An audit is defined as the evaluation of an audit subject against given criteria. And the federal government gives and gives and gives when it comes to auditing federal grants. 🙂
An audit of federal grants is often a “Single Audit”. If an entity expends more than $750,000 in federal grant funds in a year, they must undergo a ‘Single Audit’. And the Single Audit’s name is misleading because the Single Audit has not just one single audit but two interrelated audits– a financial statement audit and a compliance audit.
What is the audit criteria for the Single Audit?
The audit criteria for the financial statement audit component of the Single Audit is generally accepted accounting principles.
The audit criteria for the federal grant compliance portion of the Single Audit has at least four layers.
See how generous the federal government is?
- Cross-cutting administrative rules– give grantees generic rules on how to manage a federal grant, including status reporting requirements and closing down a program. The admin rules are part of the Uniform Guidance (explained below) – sections C & D.
- Cross-cutting cost principles– tell grantees what they can and can’t spend their money on. For instance, martinis are not allowed, but payroll usually is. The cost principles are part of the Uniform Guidance (explained below) – section E.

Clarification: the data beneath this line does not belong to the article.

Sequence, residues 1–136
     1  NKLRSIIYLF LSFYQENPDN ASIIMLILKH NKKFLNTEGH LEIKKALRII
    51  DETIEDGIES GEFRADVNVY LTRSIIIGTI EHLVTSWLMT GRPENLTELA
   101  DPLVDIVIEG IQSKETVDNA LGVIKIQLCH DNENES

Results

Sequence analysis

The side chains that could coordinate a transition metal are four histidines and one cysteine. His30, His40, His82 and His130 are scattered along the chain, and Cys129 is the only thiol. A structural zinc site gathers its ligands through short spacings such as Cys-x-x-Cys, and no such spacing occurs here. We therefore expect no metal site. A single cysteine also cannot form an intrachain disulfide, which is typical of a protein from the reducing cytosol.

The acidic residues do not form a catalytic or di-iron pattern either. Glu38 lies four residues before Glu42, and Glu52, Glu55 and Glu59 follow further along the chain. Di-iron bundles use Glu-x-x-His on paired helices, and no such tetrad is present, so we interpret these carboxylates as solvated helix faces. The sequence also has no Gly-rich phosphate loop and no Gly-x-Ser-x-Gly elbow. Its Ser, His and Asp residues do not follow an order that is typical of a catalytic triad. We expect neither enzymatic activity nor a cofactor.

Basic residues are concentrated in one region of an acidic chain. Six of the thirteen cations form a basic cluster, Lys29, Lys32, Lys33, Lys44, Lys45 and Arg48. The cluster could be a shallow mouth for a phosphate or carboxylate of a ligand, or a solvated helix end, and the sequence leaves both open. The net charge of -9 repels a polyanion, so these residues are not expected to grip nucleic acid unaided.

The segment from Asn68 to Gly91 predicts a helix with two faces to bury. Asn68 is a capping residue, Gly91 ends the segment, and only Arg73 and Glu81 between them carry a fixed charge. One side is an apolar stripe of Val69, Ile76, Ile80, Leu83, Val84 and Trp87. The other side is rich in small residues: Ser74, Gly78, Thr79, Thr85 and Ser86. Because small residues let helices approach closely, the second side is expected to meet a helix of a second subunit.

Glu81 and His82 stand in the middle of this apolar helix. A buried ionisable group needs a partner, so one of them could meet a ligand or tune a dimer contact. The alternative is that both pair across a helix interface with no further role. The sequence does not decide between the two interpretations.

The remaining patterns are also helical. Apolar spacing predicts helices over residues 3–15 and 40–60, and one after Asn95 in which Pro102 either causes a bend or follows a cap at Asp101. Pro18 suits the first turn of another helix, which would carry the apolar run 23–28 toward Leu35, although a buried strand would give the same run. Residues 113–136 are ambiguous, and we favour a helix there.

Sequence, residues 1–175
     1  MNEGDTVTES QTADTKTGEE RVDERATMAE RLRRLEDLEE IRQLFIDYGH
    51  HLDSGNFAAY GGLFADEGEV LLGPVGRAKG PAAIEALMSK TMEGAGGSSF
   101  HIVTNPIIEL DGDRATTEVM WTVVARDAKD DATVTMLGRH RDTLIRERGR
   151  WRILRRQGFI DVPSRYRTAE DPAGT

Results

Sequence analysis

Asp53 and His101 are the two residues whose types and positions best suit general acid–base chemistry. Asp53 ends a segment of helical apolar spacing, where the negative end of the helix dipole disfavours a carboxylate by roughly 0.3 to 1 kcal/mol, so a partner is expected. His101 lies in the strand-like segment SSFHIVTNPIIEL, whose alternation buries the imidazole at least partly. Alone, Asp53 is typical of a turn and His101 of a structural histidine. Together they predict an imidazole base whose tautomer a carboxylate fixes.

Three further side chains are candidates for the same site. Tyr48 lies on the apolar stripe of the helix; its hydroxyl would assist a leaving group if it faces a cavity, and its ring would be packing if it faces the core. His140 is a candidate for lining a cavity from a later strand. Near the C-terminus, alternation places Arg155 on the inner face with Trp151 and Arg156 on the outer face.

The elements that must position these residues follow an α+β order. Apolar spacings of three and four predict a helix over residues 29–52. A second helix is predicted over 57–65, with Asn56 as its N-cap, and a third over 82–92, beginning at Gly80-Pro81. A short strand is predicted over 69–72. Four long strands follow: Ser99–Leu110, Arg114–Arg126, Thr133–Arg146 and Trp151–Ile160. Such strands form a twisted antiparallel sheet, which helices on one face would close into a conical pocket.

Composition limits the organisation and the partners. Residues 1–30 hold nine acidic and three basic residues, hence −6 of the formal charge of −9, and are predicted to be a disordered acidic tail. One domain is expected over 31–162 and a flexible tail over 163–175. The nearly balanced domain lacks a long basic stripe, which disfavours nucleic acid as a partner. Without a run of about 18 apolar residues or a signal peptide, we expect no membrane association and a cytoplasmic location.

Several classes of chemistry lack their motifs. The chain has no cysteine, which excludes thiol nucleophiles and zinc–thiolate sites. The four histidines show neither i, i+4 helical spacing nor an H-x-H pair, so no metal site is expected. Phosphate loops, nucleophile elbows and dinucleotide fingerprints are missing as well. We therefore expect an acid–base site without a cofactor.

- Program regulations– apply to the specific program. Is it a grant to help homeless children or build a highway? Specific regulations apply. The program regulations are usually (but not always) listed in the compliance supplement to the Uniform Guidance which is revised annually by the federal grantors.
- Grant terms and conditions– inside the grant contract itself, the grantor may list specific compliance requirements.
What is the Uniform Guidance?
As described in its title “The Uniform Administrative Rules, Cost Principles and Audit Requirements for Federal Awards” also known as the Uniform Guidance, includes two of the four criteria listed above – the Administrative Rules and the Cost Principles.
The Uniform Guidance is very detailed and clocks in at over 100 pages!
It was written by the federal grant community to guide the federal grantors, the grantees, and the auditors of those grants.
Which federal grant compliance requirements are supreme?
The grant terms and conditions in the grant contract (#4 in our compliance hierarchy above) can override any of the other criteria. The grant terms and conditions may allow the grantee to do something that is not allowed in the program regulations, and the program regulations may specifically allow something that the cross-cutting cost principles and administrative rules prohibit.
For example, the Cost Principles in the Uniform Guidance expressly prohibit using federal money to buy alcohol. But, I know of one grantee who studied the effects of alcohol on driving. The cost of the alcohol was expressly allowed in the compliance supplement and grant agreement and, therefore, overrode the cost principles in the Uniform Guidance.
So, the requirements in the Uniform Guidance is a baseline of expectations. If the grantor is silent in the compliance supplement or the grant contract about an issue, then the cross cutting admin rules and cost principles in the Uniform Guidance apply.
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